However, in a complex reaction, which proceeds by a sequence of elementary chemical reactions, the rate equation cannot be written in terms of the chemical equation and the orders x and y in Equation 4. In such cases x and y must be determined experimentally e.g. x can be found by using a large excess of B (so that cB is kept almost constant as the reaction proceeds) and seeing how the rate varies with cA. In complex reactions, non-integer orders are possible.

It is not meaningful to define the overall molecularity of a complex reaction, though intermediate elementary reactions may be so characterised.

Some complex reactions have rate equations that happen to correspond to Equation 6, but more detailed kinetic studies have revealed that they proceed via two or more steps. So, while it is possible to deduce the form of the rate equation from stoichiometry if a reaction is known to be elementary, it is not possible to say whether a reaction is elementary just by looking at the form of its rate equation.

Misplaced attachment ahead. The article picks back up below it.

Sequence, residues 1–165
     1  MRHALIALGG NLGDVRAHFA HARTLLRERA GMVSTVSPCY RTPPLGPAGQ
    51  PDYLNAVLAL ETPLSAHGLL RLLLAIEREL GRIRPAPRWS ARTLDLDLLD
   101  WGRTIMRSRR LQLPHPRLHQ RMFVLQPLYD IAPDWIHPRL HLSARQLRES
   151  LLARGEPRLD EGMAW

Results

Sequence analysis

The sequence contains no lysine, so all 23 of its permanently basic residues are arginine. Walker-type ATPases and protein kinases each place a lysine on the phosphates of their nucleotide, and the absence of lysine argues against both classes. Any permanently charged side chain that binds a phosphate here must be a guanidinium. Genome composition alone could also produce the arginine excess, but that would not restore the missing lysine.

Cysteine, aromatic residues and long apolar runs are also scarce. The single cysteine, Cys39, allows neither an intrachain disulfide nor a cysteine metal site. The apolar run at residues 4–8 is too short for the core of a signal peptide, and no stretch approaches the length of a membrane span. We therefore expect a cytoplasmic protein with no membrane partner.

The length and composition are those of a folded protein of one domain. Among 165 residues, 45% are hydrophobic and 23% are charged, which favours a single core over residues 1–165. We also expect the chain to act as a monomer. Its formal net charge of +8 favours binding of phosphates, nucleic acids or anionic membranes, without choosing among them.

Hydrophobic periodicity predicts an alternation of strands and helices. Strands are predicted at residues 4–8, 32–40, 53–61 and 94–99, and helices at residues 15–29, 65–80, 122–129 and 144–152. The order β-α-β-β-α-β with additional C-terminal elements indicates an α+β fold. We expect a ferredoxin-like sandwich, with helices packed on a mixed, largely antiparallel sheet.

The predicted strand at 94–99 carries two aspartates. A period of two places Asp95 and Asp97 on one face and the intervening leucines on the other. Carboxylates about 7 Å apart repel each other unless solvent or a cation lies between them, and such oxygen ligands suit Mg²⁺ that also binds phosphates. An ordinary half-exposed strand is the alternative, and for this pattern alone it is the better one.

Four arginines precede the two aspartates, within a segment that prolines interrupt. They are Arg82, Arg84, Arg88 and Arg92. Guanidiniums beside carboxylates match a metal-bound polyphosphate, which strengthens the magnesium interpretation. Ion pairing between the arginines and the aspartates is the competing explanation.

1.3 Orders of reactions

Mathematically, the simplest reaction is a zeroth order reaction. Suppose a substance, A, is entering a system from an external source at a constant rate (e.g. diffusing into a cell). Such a reaction has x = 0 and the rate equation for A is simply:

J = k

Equation 7

Here, k has dimensions of [concentration] [time-1]. On a molecular scale, suitable units for k would be cm-3 s-1 (or molecules cm-3 s-1). On a larger scale, the concentration and reaction rate would be expressed in terms of moles and k would have units mol dm-3 s-1 (Slide 4).

The (trivial) solution of the differential equation at (7) describes how the concentration of A changes with time:

cA(t) = csub>A(0) + kt

Equation 8

A first order reaction (x = 1) has a rate proportional to a single concentration. Examples of first order reactions include unimolecular chemical decomposition and radioactive decay (Slide 5). A general first order rate equation is:

J = kc

Equation 9

In such cases the dimension of k are [time-1] and units are usually

s-1. The solution to such equations is well known, and describes how concentration varies as a function of time:

c(t) = c(0)e-kt

Equation 10

The timescale for a first-order reaction can conveniently be characterised by a half-life:

t1/2 = ln(2)/k

Equation 11